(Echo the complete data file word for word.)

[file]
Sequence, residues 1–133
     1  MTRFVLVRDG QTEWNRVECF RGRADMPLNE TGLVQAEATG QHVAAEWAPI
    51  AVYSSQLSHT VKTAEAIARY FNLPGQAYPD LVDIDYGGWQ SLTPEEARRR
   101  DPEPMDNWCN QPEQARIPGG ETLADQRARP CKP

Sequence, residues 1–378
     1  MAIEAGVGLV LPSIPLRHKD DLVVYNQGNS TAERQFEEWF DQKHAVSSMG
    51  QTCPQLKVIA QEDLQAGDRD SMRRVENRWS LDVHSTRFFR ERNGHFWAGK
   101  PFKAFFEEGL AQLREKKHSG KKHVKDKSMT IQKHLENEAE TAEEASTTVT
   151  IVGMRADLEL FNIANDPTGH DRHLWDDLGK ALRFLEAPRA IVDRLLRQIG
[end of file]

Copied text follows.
Sequence, residues 1–133
     1  MTRFVLVRDG QTEWNRVECF RGRADMPLNE TGLVQAEATG QHVAAEWAPI
    51  AVYSSQLSHT VKTAEAIARY FNLPGQAYPD LVDIDYGGWQ SLTPEEARRR
   101  DPEPMDNWCN QPEQARIPGG ETLADQRARP CKP

Sequence, residues 1–378
     1  MAIEAGVGLV LPSIPLRHKD DLVVYNQGNS TAERQFEEWF DQKHAVSSMG
    51  QTCPQLKVIA QEDLQAGDRD SMRRVENRWS LDVHSTRFFR ERNGHFWAGK
   101  PFKAFFEEGL AQLREKKHSG KKHVKDKSMT IQKHLENEAE TAEEASTTVT
   151  IVGMRADLEL FNIANDPTGH DRHLWDDLGK ALRFLEAPRA IVDRLLRQIG